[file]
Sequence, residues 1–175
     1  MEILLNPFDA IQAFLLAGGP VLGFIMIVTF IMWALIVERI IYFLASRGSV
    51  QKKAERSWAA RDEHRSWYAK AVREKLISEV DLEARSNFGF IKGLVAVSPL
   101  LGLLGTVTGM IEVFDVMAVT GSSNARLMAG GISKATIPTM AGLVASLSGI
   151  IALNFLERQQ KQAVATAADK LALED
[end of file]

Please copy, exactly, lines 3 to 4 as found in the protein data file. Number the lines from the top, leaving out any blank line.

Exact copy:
    51  QKKAERSWAA RDEHRSWYAK AVREKLISEV DLEARSNFGF IKGLVAVSPL
   101  LGLLGTVTGM IEVFDVMAVT GSSNARLMAG GISKATIPTM AGLVASLSGI